Actin Polymerization in Vitro Proceeds in Three Steps

The in vitro polymerization of G-actin to form F-actin filaments can be monitored by viscometry, sedimentation, fluorescence spectroscopy, and fluorescence microscopy. When actin filaments become long enough to become entangled, the viscosity of the solution increases, which is measured as a decrease in its flow rate in a viscometer. The basis of the sedimentation assay is the ability of ultracentrifugation (100,000g for 30 minutes) to pellet F-actin but not G-actin. The third assay makes use of G-actin covalently labeled with a fluorescent dye; the fluorescence spectrum of the modified G-actin monomer changes when it is polymerized into F-actin. Finally, growth of the labeled filaments can be imaged with a fluorescence microscope. These assays are useful in kinetic studies of actin polymerization and during purification of actin-binding proteins, which cross-link or depolymerize actin filaments.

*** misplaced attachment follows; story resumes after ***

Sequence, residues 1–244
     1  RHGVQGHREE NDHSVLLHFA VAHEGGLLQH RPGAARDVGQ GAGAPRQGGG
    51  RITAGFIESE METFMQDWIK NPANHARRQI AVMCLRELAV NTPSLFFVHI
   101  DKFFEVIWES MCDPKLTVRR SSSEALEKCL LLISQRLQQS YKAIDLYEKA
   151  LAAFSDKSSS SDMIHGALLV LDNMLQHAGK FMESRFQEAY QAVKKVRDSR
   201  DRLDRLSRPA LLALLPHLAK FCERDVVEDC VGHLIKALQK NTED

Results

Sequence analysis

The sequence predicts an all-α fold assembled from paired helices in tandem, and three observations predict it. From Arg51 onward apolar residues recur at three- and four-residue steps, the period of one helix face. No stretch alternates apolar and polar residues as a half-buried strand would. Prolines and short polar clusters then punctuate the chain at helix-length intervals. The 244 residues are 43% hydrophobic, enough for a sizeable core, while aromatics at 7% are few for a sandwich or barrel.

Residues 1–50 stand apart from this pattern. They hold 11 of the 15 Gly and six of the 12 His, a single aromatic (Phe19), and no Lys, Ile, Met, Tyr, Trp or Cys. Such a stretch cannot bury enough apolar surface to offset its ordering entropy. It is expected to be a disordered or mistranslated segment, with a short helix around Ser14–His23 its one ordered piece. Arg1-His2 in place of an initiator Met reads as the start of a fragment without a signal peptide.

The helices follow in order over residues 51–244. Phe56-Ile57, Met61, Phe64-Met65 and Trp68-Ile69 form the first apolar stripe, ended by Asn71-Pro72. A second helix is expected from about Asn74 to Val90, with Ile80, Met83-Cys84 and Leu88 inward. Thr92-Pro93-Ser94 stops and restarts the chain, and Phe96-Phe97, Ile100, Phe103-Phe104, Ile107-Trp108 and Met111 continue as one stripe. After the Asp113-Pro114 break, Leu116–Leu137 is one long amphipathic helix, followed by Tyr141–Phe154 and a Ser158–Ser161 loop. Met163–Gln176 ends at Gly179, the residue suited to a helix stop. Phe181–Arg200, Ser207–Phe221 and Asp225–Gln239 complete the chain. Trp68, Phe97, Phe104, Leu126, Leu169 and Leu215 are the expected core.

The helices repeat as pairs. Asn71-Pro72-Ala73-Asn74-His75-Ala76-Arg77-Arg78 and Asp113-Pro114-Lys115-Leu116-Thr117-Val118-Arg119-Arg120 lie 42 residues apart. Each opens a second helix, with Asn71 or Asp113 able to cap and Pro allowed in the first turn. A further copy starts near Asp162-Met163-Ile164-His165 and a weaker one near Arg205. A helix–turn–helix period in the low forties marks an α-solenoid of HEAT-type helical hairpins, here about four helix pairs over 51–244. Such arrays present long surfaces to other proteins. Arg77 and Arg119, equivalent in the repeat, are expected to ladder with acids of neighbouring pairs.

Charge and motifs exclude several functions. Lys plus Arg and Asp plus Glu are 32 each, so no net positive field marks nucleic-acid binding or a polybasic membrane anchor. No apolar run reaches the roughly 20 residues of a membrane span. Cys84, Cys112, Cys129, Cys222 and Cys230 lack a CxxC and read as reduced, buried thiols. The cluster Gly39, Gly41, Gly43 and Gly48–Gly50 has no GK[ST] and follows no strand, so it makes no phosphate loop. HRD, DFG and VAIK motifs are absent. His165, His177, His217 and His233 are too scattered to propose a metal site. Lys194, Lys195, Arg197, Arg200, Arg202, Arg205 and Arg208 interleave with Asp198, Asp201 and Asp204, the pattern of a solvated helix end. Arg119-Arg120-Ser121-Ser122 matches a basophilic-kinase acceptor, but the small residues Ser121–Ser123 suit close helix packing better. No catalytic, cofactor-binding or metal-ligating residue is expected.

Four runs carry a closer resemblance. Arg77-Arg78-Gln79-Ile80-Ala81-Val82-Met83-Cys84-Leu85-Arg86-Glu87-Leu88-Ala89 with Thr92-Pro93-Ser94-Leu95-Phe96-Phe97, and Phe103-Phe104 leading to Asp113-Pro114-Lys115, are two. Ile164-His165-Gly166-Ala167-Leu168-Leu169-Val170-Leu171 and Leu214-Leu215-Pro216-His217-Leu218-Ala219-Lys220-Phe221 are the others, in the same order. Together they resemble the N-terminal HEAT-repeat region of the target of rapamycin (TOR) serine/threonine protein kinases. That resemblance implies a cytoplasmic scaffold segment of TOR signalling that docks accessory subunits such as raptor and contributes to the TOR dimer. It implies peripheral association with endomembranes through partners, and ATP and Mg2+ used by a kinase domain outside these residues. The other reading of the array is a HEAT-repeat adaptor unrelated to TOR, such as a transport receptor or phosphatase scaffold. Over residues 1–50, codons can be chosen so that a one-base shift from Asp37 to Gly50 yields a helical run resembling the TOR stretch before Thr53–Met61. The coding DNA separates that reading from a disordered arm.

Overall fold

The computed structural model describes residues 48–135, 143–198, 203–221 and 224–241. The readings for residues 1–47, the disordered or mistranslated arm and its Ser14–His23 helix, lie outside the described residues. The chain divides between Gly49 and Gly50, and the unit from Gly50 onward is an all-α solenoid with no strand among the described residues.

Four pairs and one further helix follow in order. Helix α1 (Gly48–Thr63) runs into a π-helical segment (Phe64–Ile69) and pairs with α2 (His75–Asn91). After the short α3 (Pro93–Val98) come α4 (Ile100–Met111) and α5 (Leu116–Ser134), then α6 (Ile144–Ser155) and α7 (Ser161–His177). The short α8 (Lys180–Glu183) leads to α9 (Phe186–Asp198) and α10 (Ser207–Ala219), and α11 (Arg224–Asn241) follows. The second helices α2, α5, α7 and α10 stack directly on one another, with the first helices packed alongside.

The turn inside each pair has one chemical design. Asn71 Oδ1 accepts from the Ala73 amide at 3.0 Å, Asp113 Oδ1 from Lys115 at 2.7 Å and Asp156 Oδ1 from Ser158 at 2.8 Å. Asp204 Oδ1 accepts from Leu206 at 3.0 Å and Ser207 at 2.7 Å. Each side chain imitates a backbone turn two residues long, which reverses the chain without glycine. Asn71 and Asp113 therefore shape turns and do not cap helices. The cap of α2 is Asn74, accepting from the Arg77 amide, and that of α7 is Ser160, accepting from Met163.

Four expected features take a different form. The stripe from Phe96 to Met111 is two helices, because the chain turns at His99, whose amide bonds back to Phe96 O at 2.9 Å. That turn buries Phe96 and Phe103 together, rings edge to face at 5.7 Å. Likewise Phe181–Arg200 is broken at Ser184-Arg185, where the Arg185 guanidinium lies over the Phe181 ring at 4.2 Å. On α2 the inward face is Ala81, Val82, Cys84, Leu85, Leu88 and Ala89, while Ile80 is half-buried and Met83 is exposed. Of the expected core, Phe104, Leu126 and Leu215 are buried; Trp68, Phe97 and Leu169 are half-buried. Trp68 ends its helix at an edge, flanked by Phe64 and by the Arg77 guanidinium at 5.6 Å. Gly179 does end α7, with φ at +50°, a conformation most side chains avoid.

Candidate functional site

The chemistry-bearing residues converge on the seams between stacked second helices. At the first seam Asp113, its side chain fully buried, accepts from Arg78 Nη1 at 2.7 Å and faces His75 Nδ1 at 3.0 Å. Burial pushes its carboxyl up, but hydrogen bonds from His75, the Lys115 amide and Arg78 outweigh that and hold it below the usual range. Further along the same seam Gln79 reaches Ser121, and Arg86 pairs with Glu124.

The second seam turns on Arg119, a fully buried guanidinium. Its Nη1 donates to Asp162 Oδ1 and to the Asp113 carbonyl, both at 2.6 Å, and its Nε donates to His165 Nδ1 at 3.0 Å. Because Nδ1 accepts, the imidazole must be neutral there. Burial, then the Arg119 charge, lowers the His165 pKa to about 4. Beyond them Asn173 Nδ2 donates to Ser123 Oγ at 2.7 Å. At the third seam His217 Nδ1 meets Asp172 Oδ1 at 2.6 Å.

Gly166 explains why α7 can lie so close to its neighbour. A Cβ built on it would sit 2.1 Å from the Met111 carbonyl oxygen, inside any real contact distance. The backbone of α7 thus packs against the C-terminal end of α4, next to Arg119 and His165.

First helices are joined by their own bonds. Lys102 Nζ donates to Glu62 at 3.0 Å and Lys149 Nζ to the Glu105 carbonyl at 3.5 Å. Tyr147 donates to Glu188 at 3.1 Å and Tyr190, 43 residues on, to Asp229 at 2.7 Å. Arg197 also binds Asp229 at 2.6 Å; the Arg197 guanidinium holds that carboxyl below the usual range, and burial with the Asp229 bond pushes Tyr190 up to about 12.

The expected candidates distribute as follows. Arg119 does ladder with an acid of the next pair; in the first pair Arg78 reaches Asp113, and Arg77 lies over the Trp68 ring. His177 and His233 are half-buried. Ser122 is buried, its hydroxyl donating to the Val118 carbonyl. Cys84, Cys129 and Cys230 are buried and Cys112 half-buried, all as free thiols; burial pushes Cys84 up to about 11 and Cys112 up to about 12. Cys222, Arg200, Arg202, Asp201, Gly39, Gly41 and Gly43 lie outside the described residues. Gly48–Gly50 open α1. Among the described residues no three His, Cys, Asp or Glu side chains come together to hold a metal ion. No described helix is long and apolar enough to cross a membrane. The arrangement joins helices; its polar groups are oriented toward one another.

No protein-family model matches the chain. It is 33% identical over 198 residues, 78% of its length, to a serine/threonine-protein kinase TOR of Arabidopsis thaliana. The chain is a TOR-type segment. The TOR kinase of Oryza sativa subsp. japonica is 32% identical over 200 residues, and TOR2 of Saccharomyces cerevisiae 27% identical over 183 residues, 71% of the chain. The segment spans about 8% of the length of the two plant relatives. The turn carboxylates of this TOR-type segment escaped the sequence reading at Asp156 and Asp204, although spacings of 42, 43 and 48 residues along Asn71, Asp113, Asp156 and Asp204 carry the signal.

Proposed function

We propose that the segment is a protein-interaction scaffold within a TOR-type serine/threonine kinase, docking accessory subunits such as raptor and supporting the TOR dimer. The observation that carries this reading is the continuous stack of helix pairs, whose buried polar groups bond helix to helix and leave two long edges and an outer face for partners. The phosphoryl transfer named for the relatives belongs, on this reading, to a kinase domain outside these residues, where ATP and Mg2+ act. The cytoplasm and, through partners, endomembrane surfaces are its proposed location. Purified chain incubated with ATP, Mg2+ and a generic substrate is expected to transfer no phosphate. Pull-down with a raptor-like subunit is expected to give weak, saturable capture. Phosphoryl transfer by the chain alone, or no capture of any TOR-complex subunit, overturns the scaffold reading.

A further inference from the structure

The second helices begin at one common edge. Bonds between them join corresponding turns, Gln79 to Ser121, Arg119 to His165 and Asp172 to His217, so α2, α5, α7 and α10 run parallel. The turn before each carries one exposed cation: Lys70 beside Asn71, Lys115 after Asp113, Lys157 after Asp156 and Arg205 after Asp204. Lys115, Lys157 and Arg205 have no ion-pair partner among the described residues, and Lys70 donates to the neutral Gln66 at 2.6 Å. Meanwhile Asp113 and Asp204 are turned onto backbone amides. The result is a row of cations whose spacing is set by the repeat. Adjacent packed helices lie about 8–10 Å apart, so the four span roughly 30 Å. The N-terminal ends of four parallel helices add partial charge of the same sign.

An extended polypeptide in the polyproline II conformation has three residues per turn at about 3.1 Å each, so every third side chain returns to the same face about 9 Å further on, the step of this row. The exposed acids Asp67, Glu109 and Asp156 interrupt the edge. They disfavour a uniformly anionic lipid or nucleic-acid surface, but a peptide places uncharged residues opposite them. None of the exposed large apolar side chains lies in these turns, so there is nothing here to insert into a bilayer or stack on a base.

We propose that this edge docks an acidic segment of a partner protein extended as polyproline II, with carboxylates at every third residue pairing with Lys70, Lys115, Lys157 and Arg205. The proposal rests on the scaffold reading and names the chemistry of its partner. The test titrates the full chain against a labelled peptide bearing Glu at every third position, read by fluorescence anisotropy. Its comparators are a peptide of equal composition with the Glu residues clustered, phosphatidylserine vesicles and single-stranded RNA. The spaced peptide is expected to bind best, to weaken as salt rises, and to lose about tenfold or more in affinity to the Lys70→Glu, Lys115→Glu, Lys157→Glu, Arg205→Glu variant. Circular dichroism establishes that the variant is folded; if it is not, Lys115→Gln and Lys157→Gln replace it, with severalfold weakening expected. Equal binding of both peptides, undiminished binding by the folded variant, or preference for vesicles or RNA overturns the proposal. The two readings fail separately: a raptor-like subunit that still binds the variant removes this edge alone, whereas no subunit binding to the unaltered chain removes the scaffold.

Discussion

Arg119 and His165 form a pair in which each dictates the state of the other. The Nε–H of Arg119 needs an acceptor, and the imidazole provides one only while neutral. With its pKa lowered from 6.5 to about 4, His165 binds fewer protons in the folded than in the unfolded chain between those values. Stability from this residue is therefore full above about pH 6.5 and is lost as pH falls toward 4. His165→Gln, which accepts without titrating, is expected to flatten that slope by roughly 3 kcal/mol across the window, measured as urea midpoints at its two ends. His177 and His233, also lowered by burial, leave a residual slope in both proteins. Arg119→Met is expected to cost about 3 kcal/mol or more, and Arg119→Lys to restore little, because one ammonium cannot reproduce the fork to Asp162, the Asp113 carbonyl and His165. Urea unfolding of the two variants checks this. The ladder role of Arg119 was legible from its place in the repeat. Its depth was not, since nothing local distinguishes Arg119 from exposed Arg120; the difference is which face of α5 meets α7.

The in vitro polymerization of G-actin proceeds in three sequential phases (Figure 19-6a). The first nucleation phase is marked by a lag period in which G-actin aggregates into short, unstable oligomers. When the oligomer reaches a cer-

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